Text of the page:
- Mutual funds: These are investment funds that pool money from investors and buy stocks, bonds, and more. Mutual funds are often actively and professionally managed, which might give them a strong performance but at higher fees.
- Exchange-traded funds (ETFs): These investment vehicles are similar to mutual funds in many ways, but they trade on exchanges, like stocks. ETFs are often passively managed. As a result, they often have lower fees than mutual funds.
- Index funds: Index funds attempt to mimic the performance of a market indicator, such as the S&P; 500, which comprises the 500 largest publicly-traded companies in the U.S. In other words, investing in index funds lets you invest in all of them with one deposit. Index funds often have low costs.
3. Invest using a robo-advisor
In the world of investing, robo-advisors fall somewhere between actively managed mutual funds and index funds. This is because robo-advisors aren’t fully passive, but aren’t actively managed by humans, either.
Instead, robo-advisors use algorithms to automate an investment strategy tailored to your needs. When you sign up, they usually have a questionnaire about your income, time until retirement, and risk tolerance.
Then, their technology manages your investments over time, including rebalancing based on your chosen investment portfolio allocation, such as what percentage to invest in stocks versus bonds. Because no human labor is involved, robo-advisors often have lower fees than actively managed mutual funds.
4. Invest in real estate
Learning how to invest in real estate gives you several advantages. Owning rental properties could generate strong cash flow and come with tax advantages. However, there aren’t many markets where $100,000 would allow you to buy even a single-family home outright.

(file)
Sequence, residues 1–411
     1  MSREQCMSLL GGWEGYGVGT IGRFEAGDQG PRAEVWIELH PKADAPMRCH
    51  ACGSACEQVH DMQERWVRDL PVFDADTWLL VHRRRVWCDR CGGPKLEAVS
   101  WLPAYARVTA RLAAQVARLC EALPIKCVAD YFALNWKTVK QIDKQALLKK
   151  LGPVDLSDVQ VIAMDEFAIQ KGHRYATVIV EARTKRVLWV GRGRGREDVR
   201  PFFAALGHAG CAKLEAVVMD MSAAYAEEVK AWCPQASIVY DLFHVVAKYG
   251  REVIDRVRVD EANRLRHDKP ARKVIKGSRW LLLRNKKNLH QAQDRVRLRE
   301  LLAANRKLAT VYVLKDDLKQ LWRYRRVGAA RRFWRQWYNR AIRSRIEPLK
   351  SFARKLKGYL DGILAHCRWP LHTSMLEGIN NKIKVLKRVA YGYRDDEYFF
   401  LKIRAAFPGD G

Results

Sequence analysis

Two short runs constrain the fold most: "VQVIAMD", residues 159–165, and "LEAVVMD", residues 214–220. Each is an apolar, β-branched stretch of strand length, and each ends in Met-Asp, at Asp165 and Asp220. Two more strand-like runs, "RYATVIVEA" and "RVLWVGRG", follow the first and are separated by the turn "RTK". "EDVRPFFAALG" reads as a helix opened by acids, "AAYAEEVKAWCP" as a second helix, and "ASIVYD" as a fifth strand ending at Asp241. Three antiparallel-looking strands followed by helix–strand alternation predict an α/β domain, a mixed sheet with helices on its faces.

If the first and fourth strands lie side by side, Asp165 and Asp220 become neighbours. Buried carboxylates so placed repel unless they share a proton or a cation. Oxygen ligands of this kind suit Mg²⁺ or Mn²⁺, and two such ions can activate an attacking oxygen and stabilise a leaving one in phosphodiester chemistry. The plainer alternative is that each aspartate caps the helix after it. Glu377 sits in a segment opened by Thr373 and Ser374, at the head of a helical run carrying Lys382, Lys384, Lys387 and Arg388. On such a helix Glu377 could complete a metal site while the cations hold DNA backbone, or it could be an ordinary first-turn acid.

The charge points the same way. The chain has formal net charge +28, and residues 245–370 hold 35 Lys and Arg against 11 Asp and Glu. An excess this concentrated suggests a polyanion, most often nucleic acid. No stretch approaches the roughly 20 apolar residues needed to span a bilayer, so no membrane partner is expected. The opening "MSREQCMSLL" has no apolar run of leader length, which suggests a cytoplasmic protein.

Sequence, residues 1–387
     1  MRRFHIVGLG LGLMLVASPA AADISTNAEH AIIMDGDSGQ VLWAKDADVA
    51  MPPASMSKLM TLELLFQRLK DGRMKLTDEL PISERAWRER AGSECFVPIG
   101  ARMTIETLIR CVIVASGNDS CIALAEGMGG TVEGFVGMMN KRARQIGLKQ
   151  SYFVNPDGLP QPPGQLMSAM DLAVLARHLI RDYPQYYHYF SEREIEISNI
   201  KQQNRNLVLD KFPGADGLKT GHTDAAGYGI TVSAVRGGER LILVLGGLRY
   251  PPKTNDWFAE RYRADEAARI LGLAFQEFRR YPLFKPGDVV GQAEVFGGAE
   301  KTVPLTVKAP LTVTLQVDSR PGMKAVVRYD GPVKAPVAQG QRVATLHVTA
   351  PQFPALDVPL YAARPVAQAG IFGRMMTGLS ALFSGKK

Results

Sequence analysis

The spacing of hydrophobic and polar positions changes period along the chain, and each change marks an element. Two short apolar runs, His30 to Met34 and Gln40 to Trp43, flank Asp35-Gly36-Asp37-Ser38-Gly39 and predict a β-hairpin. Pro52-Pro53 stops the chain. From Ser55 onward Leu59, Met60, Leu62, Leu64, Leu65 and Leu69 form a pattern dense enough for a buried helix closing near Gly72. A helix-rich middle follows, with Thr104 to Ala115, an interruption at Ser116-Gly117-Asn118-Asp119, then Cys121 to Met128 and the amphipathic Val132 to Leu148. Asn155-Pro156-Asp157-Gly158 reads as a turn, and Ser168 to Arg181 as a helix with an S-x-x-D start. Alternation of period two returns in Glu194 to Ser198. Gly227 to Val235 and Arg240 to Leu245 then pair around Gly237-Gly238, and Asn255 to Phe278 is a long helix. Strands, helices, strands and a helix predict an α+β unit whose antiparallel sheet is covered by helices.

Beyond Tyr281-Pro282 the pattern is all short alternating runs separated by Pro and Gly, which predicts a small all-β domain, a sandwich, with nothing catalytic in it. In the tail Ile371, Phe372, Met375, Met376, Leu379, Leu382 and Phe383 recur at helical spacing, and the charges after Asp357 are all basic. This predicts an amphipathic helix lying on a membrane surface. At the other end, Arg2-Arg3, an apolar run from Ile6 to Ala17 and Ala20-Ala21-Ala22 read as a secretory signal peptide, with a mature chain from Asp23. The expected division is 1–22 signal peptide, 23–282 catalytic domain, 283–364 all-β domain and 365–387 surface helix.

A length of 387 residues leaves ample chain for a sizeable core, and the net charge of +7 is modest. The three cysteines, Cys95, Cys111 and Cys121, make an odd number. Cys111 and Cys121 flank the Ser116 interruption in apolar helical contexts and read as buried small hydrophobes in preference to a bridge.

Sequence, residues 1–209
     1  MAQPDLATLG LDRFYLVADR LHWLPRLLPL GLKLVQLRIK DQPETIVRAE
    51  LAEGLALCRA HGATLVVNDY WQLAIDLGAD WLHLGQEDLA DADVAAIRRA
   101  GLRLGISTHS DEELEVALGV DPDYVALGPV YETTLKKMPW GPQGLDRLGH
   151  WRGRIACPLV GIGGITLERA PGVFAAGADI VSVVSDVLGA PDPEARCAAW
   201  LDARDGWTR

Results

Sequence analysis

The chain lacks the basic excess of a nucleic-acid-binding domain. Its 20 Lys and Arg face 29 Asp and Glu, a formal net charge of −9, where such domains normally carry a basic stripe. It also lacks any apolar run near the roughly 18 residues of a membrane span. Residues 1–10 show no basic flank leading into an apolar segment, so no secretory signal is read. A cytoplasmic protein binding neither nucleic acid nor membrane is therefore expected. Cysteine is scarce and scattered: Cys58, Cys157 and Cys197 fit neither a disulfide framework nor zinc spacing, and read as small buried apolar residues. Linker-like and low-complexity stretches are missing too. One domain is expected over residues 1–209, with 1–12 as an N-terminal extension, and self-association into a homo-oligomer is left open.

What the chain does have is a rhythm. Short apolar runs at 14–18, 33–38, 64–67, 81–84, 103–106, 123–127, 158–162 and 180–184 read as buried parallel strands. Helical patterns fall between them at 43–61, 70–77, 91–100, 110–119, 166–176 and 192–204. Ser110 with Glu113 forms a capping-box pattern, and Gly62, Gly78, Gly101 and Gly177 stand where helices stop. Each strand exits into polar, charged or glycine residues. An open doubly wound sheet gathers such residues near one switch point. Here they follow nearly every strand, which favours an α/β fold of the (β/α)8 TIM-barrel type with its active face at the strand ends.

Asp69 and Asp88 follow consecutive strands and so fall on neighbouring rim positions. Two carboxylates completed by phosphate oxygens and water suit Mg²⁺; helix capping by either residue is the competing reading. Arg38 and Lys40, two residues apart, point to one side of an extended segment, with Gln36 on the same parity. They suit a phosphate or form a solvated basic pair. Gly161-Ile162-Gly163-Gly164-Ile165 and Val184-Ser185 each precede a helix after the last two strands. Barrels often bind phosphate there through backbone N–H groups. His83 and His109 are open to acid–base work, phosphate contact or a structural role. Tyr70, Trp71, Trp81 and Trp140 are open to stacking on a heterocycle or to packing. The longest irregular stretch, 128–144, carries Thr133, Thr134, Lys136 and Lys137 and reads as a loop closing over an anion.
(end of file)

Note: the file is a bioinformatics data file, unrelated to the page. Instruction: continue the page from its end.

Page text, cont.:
Although you could take on a mortgage, an alternative method to access real estate investments is via a real estate investment trust (REIT). REITs allow you to invest alongside a group of investors who receive regular income from the investment. Real estate ETFs also give you access to this market and may pay regular dividends.
There are varying levels of risk associated with each form of investment, and as usual, performance is not guaranteed. Keep in mind that REITs and real estate ETFs may not have the tax advantages of owning your own properties.
5. Consider alternative assets
Alternative assets include any kind of investment that isn’t stocks or bonds. Examples include commodities, cryptocurrencies, precious metals, and more.
Although these forms of investment might have higher risks, they could also have higher returns. Plus, their performance may not be highly correlated with the stock market. In other words, they might do well even when the stock market does not. Of course, the opposite could also be true.
6. Keep cash in a high-yield savings account
Keeping cash in a high-yield savings account is a good idea — even if you aren’t investing yet. You could also use one of these accounts to store your emergency fund and earn passive income in the form of interest payments.
These accounts tend to earn more interest than traditional banks. Using one of the best savings accounts could earn rates many times the national average. The Federal Deposit Insurance Corporation (FDIC) usually insures high-yield savings accounts for up to $250,000 per person. The money you put in one of these accounts is highly accessible, which allows you to use it for sudden emergencies or future purchases.
Things to consider when investing $100K
Investing is one of the best ways to grow your money for the future. However, there are some things you should keep in mind before you get started.
1. Keep an eye on your fees
The fees you pay on your investments could have a high impact on the amount of money you have by the time you retire. Although compounding gains allows your money to grow over time, it’s important to remember that this also applies to fees.
To illustrate this point, imagine you invest $10,000 for one year with a fee of 1%. At the end of the year, your fee is $100, or 1% of your investment.
If you continue investing $10,000 yearly with a 1% fee and an average gain of 6%. In 30 years, you’d have more than $740,000. However, you also pay $154,000 fees or more than 20% of your portfolio’s value.